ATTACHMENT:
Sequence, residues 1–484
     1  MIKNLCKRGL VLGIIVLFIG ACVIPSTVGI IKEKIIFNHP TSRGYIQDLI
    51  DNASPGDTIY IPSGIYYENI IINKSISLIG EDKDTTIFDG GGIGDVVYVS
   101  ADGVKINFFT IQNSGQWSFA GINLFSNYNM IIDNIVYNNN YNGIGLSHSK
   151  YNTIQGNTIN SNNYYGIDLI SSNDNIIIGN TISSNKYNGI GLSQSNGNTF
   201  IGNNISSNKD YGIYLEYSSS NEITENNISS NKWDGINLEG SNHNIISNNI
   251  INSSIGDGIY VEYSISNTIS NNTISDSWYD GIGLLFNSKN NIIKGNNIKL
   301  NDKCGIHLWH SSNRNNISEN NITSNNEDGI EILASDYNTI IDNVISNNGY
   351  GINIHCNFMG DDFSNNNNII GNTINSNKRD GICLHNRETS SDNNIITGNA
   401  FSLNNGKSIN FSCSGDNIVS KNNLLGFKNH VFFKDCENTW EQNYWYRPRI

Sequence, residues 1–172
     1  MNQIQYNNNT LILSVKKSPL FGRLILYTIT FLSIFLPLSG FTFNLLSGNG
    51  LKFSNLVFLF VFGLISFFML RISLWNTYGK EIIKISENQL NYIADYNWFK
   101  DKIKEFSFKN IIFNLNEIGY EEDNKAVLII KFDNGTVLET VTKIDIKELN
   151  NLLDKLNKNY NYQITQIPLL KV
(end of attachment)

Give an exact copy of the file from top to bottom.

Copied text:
Sequence, residues 1–484
     1  MIKNLCKRGL VLGIIVLFIG ACVIPSTVGI IKEKIIFNHP TSRGYIQDLI
    51  DNASPGDTIY IPSGIYYENI IINKSISLIG EDKDTTIFDG GGIGDVVYVS
   101  ADGVKINFFT IQNSGQWSFA GINLFSNYNM IIDNIVYNNN YNGIGLSHSK
   151  YNTIQGNTIN SNNYYGIDLI SSNDNIIIGN TISSNKYNGI GLSQSNGNTF
   201  IGNNISSNKD YGIYLEYSSS NEITENNISS NKWDGINLEG SNHNIISNNI
   251  INSSIGDGIY VEYSISNTIS NNTISDSWYD GIGLLFNSKN NIIKGNNIKL
   301  NDKCGIHLWH SSNRNNISEN NITSNNEDGI EILASDYNTI IDNVISNNGY
   351  GINIHCNFMG DDFSNNNNII GNTINSNKRD GICLHNRETS SDNNIITGNA
   401  FSLNNGKSIN FSCSGDNIVS KNNLLGFKNH VFFKDCENTW EQNYWYRPRI

Sequence, residues 1–172
     1  MNQIQYNNNT LILSVKKSPL FGRLILYTIT FLSIFLPLSG FTFNLLSGNG
    51  LKFSNLVFLF VFGLISFFML RISLWNTYGK EIIKISENQL NYIADYNWFK
   101  DKIKEFSFKN IIFNLNEIGY EEDNKAVLII KFDNGTVLET VTKIDIKELN
   151  NLLDKLNKNY NYQITQIPLL KV